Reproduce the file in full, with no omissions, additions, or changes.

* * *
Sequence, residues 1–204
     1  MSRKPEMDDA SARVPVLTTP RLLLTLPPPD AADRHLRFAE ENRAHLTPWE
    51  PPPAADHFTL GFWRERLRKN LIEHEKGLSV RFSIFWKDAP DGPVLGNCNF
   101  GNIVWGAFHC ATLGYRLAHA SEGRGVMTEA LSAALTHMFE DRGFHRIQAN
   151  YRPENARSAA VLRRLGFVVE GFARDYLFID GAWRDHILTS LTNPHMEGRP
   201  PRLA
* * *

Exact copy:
Sequence, residues 1–204
     1  MSRKPEMDDA SARVPVLTTP RLLLTLPPPD AADRHLRFAE ENRAHLTPWE
    51  PPPAADHFTL GFWRERLRKN LIEHEKGLSV RFSIFWKDAP DGPVLGNCNF
   101  GNIVWGAFHC ATLGYRLAHA SEGRGVMTEA LSAALTHMFE DRGFHRIQAN
   151  YRPENARSAA VLRRLGFVVE GFARDYLFID GAWRDHILTS LTNPHMEGRP
   201  PRLA